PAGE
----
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Thousands of opponents of Wisconsin Governor Scott Walker's budget repair bill gather for protests at the Wisconsin State Capitol in Madison on Saturday, Feb. 26, 2011.

For a second straight Saturday, tens of thousands of protesters filled the streets around the state Capitol — braving temperatures in the mid-teens — for the largest day yet in their continuing struggle to stop Gov. Scott Walker's plan to essentially end collective bargaining rights for most public employees.

Madison police spokesman Joel DeSpain said early Saturday afternoon that the number of protesters — nearly all of whom opposed Walker's plan — was in excess of 70,000, the estimated number of protesters in attendance last Saturday.

"We've had no problems," DeSpain said, adding that officers were again committed to keeping the Square "safe for democracy."

There were lines of more than 500 people waiting to get into the Capitol late Saturday afternoon as officers only let people in as others left. At 6 p.m., Capitol police stopped allowing anyone in, but thousands remained inside for what apparently was one of the last protest sleepovers in the Capitol. Police are scheduled to begin clearing the building Sunday afternoon and the Capitol will be closed Sunday night. Protest organizers indicated that some are planning to peacefully resist removal, forcing police to carry them out of the building. They said others are planning to take up residence on the lawn outside to continue their vigil.

In addition to the protest here Saturday, unions called on people across the country to rally at their statehouses to show support for Wisconsin workers and opposition to efforts to take away bargaining rights here and in other states.

Star power

In Madison, protesters got a boost of star power from actor Bradley Whitford, a city native and East High School graduate, and folk singer Peter Yarrow of Peter, Paul and Mary fame.

Whitford accused Walker of trying to pay back his "billionaire political sugar daddies" and of using the state budget as a "Trojan horse" to destroy workers rights, saying, "He needs to know this will not stand."

As protesters braved temperatures in the mid-teens, Whitford said, "This guy needs to understand Wisconsin is a stubborn constituency — we fish through ice."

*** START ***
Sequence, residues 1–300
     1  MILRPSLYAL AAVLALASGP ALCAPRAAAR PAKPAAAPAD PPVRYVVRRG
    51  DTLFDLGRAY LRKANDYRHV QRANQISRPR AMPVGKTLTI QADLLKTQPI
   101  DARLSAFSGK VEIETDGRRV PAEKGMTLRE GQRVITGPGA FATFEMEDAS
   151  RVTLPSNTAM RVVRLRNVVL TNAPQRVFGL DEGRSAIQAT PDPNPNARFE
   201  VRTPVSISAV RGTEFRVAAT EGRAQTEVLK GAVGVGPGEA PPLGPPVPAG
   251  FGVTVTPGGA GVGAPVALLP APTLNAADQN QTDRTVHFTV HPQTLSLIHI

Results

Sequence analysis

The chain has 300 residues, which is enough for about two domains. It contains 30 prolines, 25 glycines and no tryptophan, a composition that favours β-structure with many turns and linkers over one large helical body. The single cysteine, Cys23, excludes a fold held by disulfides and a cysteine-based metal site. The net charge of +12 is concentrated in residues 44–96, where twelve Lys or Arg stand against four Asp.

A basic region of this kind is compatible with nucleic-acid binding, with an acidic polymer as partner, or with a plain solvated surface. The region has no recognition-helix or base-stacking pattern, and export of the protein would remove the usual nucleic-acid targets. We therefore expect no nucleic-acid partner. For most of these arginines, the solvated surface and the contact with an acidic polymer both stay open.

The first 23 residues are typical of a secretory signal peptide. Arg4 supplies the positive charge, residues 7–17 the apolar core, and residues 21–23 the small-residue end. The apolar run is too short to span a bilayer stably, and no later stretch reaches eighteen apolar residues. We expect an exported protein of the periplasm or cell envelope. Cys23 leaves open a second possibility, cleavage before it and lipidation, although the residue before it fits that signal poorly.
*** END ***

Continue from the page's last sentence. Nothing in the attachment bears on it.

Yarrow led off with an adapted version of "If I Had a Hammer" — the refrain included "kill the bill" and "say no to Walker."

"You're standing up for what America essentially is — a place where everyone has equal opportunity," Yarrow told the protesters, saying, "If you hang in there, you will kill the bill."

"Do not stop," he said. "The eyes of the world are upon you my friends. You are there in New York today. You are in San Francisco."

Yarrow followed 13-year-old Sam Frederick of Wauwatosa, who wrote an anti-Walker protest song for the occasion and led the crowd in singing it. In between, organizers shoveled snow off the outdoor stage.

The "not official UW Marching Band" — tuba and trumpet blaring — played standards like "If You Want to Be a Badger" and the chicken song — "for the chicken that won't negotiate with us." It felt like a football rally with signs and snow.

U.S. Rep. Tammy Baldwin, D-Madison, released a statement saying, "Our democracy demands that government heed the voice of the people. Today in Madison, in freezing temperatures and under snowy skies, tens of thousands of Wisconsinites are marching in protest of legislation that will deny workers' rights and undermine education, health care, and public safety in our state."

As the afternoon wore on, the driveways and stairs around the Capitol turned icy, prompting organizers to call for salt for the protesters' safety.

Drumbeat of opposition

Protesters, many of whom have taken up residence in the Capitol around the clock, continued to sound the drumbeat of opposition in the rotunda, accompanied by speeches and chants.

Between 300 and 400 state corrections officers marched to the Capitol and into the Rotunda on Saturday morning to show their opposition to Walker's plan.

Members of Madison's MadTown Liberty Players street theater group donned huge puppet heads of the Koch brothers and what ended up being a hybrid of Walker and Ronald Reagan. "We're here to just celebrate with Scott Walker for helping the billionaires with his tax breaks ... and tell all these greedy workers to get back to work," actor Laurie Rossbach said in her Koch brother persona. Ted McManus, as Walker, chimed in, "I'm here to sell power plants off (to supporters) for a nickel."

Those arriving at the Capitol early Saturday were cordially greeted by some of the hundreds of law enforcement officers from across the state brought in to help with the protests, while a group of women musicians performed "This Land Is Your Land."

Mike Martin, 55, of Madison, who teaches art at Madison Area Technical College, has been out protesting every day. On Saturday afternoon, he stood along the Square with a puppet-like rendering of Walker dangling on strings from a Koch Industries sign.

"I want a governor who's not a shill to corporate interests," Martin said.

Martin said Walker's budget repair bill is "pretending to be about the budget and it's really about union busting," adding that unions have already agreed to financial concessions.

"We're not asking for much," he said, referring to bargaining rights.

Zak Wosewick, 18, a Milwaukee photography student, said he arrived Friday and planned to leave Sunday afternoon. The crowd inside broke into "We Shall Overcome" as he spoke.

"It's been an amazing experience," Wosewick said. "It's beautiful to see all the people coming together for a common cause."

But Wosewick said he's really not sure that it will change any minds or have any effect.

— State Journal reporters Ron Seely and Dean Mosiman contributed to this article.

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